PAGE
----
Staff Publications

Staff Publications

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    'Staff publications' is the digital repository of Wageningen University & Research

    'Staff publications' contains references to publications authored by Wageningen University staff from 1976 onward.

    Publications authored by the staff of the Research Institutes are available from 1995 onwards.

    Full text documents are added when available. The database is updated daily and currently holds about 240,000 items, of which 72,000 in open access.

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Record number 405093
Title The Genome of Akkermansia muciniphila, a Dedicated Intestinal Mucin Degrader, and Its Use in Exploring Intestinal Metagenomes
Author(s) Passel, M.W.J. van; Kant, R.; Zoetendal, E.G.; Plugge, C.M.; Derrien, M.M.N.; Malfatti, S.A.; Palva, A.; Vos, W.M. de; Smidt, H.
Source PLoS One 6 (2011)3. - ISSN 1932-6203 - 8 p.
Department(s) Microbiological Laboratory
Publication type Refereed Article in a scientific journal
Publication year 2011
Keyword(s) gut microbiota - diversity - bacteria - tool - prokaryotes - resistance - selection - sequence - infants - tract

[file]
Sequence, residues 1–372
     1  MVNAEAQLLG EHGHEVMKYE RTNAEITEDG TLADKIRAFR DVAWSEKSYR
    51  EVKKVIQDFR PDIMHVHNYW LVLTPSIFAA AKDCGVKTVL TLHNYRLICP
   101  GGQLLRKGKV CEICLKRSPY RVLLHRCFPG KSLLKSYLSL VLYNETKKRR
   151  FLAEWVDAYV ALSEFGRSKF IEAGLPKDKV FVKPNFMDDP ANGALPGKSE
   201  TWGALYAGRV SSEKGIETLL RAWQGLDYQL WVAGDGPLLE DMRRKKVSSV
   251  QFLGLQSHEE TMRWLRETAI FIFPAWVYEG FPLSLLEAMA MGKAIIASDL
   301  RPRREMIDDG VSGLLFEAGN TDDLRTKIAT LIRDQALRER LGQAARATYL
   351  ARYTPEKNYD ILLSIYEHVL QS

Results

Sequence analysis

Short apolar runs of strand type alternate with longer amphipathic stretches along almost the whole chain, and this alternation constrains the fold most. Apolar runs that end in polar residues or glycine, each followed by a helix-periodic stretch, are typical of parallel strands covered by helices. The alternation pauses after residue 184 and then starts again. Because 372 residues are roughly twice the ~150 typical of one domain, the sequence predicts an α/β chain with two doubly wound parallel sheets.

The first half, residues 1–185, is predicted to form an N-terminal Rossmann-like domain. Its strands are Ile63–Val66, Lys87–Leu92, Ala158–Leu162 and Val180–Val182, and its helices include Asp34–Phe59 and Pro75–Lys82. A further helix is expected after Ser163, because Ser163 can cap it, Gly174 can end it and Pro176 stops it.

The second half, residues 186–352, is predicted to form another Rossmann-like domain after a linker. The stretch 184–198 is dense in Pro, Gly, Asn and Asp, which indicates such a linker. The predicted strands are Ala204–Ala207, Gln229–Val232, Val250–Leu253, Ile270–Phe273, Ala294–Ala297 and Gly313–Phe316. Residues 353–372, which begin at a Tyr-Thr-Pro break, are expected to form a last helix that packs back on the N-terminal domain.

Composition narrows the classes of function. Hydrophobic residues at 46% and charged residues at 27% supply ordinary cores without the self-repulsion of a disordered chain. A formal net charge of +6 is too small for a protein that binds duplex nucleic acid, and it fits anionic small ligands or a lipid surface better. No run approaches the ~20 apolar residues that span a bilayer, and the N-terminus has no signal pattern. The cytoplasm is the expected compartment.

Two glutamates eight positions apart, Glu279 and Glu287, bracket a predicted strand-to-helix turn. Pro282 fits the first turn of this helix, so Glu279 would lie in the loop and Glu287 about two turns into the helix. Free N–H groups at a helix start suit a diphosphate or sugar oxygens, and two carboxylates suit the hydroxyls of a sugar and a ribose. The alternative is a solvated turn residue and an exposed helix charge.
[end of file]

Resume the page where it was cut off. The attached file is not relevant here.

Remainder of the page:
Abstract Background: The human gastrointestinal tract contains a complex community of microbes, fulfilling important health-promoting functions. However, this vast complexity of species hampers the assignment of responsible organisms to these functions. Recently, Akkermansia muciniphila, a new species from the deeply branched phylum Verrucomicrobia, was isolated from the human intestinal tract based on its capacity to efficiently use mucus as a carbon and nitrogen source. This anaerobic resident is associated with the protective mucus lining of the intestines. Methodology/Principal Findings: In order to uncover the functional potential of A. muciniphila, its genome was sequenced and annotated. It was found to contain numerous candidate mucinase-encoding genes, but lacking genes encoding canonical mucus-binding domains. Numerous phage-associated sequences found throughout the genome indicate that viruses have played an important part in the evolution of this species. Furthermore, we mined 37 GI tract metagenomes for the presence, and genetic diversity of Akkermansia sequences. Out of 37, eleven contained 16S ribosomal RNA gene sequences that are >95% identical to that of A. muciniphila. In addition, these libraries were found to contain large amounts of Akkermansia DNA based on average nucleotide identity scores, which indicated in one subject co-colonization by different Akkermansia phylotypes. An additional 12 libraries also contained Akkermansia sequences, making a total of ~16 Mbp of new Akkermansia pangenomic DNA. The relative abundance of Akkermansia DNA varied between
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